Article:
What is Xanthan Gum?
Xanthan gum, also called xanthan, is a polysaccharide water-soluble gum used for its thickening and stabilizing properties. It is a viscosity builder, humectant and textural enhancer. It binds to more water to create a moister product.
Xanthan gum is produced by a bacteria, called Xanthomonas campestris. When the bacterial fermentation is accomplished, the liquid is pasteurized to kill the organisms, and the gum is recovered by the precipitation with isopropanol or ethanol.1
- Soluble in both cold and hot water
- High viscosity at low concentrations
- Highly pseudoplastic
- Soluble and stable in acidic systems
- Solution viscosity stable from 0 to >100 oC, even at low Ph
- Compatible with high concentrations of salt (stable in high-salt systems)
- A high degree of solution pseudoplasticity (a rheological property that makes it ideal for stabilizing emulsions and suspensions)
- A Newtonian plateau at low shear
- Resistant to action of enzymes found in food systems
- Synergetic interactions with k-carrageenan and locust bean gum and, to a lesser extent, with guar gum
- Good freeze-thaw stability
Xanthan is widely used as a food gum. It has high viscosities in comparison with most other polysaccharide solutions. It is used more extensively than any polysaccharide other than starch because of its unique and useful properties.
Xanthan gum has many useful properties like emulsifying (for creams and frostings), thickening (for pies), water retention (frozen dough), increasing viscosity (gluten-free products and wheat bread with bran), and reducing water activity (pies and cakes).
In cake and related mixes, xanthan provides recipe tolerance, an increase in cake volume, and moisture retention.1 However, use of too much xanthan flour-based systems may result in denseness, gumminess, graininess, or other undesirable changes in texture.1 Use levels in dry mixes are typically less than 0.1% (finished formulation weight).1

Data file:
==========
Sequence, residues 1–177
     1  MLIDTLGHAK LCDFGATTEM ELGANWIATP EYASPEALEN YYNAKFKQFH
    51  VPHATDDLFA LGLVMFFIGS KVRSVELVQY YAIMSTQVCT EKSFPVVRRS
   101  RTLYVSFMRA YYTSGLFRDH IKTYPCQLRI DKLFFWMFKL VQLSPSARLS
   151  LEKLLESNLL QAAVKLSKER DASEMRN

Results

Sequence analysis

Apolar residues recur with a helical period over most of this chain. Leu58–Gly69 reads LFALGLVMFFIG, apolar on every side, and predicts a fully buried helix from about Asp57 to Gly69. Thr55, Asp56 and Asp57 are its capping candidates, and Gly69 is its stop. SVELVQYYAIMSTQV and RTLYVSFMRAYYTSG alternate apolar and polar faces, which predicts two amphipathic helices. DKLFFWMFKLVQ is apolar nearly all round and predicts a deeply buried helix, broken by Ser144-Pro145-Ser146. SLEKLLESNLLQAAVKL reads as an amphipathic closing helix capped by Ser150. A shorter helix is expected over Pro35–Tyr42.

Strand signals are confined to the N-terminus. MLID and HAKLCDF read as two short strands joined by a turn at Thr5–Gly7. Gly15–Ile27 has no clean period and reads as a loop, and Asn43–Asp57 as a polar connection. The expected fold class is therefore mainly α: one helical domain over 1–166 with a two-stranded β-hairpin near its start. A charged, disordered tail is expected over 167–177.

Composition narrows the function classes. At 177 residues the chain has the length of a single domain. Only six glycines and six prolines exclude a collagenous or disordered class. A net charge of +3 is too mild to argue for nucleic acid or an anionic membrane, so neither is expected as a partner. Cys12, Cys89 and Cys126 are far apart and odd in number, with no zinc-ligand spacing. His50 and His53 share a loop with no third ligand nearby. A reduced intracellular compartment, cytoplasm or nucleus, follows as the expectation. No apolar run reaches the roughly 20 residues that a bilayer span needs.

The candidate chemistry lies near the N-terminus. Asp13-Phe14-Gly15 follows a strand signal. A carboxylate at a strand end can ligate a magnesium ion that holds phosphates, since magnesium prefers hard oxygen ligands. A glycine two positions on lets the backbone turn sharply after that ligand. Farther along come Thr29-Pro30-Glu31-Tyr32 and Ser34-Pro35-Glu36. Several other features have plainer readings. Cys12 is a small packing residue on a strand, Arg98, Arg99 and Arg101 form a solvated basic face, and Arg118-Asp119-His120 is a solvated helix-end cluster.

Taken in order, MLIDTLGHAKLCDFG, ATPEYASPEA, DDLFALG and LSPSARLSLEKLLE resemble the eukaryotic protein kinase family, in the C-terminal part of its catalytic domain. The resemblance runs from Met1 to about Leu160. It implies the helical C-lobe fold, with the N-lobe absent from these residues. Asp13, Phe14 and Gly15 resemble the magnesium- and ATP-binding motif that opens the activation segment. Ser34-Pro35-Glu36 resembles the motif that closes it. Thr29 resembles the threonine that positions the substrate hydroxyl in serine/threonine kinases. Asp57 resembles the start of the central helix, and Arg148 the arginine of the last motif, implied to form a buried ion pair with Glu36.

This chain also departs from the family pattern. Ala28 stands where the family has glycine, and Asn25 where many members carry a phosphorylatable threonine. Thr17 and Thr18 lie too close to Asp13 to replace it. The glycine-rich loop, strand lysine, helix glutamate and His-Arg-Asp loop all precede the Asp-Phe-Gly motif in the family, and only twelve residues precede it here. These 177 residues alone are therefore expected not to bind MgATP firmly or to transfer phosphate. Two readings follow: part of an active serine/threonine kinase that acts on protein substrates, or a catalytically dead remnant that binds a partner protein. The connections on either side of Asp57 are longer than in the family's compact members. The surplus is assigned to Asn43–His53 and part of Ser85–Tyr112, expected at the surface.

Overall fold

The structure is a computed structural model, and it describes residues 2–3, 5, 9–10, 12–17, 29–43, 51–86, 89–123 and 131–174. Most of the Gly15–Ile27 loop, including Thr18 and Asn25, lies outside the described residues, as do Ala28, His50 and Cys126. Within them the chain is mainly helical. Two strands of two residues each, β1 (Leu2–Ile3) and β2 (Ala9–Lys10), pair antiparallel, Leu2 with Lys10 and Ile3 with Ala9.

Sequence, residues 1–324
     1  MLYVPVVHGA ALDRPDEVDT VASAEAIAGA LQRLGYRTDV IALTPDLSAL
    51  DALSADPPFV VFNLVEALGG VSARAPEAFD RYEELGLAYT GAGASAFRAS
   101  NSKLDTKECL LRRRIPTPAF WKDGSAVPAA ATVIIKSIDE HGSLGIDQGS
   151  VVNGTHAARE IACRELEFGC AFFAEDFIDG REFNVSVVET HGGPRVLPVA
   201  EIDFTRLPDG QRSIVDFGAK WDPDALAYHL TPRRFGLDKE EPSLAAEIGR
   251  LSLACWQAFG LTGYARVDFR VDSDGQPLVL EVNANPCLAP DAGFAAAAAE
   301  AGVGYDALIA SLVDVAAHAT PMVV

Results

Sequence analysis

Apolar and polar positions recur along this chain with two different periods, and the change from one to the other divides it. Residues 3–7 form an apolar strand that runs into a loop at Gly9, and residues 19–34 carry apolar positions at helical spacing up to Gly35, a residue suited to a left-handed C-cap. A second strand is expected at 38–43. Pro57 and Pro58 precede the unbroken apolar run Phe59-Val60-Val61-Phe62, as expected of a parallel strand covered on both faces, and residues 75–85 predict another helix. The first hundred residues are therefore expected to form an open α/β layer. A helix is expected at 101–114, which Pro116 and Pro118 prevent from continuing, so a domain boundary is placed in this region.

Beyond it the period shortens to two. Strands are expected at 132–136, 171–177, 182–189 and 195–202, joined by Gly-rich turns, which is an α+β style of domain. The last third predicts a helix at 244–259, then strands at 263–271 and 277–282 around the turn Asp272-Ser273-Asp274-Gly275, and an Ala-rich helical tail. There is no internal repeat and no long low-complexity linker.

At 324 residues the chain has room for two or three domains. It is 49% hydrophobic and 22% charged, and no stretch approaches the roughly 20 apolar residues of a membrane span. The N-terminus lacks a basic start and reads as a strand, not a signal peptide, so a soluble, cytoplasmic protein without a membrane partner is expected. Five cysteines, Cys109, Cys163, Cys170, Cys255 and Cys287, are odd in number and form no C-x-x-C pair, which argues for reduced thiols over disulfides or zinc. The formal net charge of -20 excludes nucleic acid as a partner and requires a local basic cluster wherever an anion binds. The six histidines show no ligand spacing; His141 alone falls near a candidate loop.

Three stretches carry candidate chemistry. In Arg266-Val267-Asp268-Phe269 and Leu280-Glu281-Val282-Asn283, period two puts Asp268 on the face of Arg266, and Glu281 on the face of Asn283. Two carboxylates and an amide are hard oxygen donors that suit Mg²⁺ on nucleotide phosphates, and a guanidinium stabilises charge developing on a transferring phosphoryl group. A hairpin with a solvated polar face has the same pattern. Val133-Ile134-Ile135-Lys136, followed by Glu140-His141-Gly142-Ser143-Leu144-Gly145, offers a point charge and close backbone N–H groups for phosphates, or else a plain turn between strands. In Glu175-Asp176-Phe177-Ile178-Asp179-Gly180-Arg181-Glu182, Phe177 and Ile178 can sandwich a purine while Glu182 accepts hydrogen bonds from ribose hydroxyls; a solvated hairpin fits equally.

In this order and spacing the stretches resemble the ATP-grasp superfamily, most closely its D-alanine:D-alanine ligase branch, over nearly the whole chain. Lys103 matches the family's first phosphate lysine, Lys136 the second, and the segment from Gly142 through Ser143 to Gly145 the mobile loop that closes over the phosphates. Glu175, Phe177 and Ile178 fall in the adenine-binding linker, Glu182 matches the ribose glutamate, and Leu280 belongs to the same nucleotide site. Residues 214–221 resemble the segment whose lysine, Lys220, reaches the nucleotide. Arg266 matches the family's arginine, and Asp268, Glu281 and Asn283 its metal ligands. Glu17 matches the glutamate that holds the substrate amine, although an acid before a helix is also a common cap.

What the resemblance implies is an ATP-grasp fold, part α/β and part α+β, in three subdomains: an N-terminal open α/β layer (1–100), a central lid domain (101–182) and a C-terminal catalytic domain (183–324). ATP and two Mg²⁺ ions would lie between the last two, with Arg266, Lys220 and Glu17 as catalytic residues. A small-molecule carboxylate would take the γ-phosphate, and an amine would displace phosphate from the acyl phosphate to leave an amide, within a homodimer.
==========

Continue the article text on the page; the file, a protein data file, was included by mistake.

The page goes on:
In gluten-free systems, Xanthan gum can increase product viscosity and gas retention properties.2 It also has positive effect on bread crumb color during storage.2 Its usage in gluten-free systems is usually lower than 1%.
Xanthan gum may be safety used in food if it meets the prescribed conditions, regulated by FDA in the article 21CFR172.695.3
- BeMiller, J. N. “Chapter 10 Xanthan.” Carbohydrate Chemistry for Food Scientists , 2nd ed., AACC International Inc., 2007, pp. 263–270.
- Naji-Tabasi, S., and M. Mohebbi. “Evaluation of cress seed gum and xanthan gum effect on macrostructure properties of gluten-free bread by image processing.” Journal of Food Measurement and Characterization, vol. 9, no. 1, 2014, pp. 110–119, doi:10.1007/s11694-014-9216-1.
- US Food and Drug Administration. “21CFR172.695 – Code of Federal Regulations.” Accessdata.fda.gov, 1 Apr. 2017, www.accessdata.fda.gov/scripts/cdrh/cfdocs/cfcfr/CFRSearch.cfm?fr=172.695. Accessed 22 August 2017.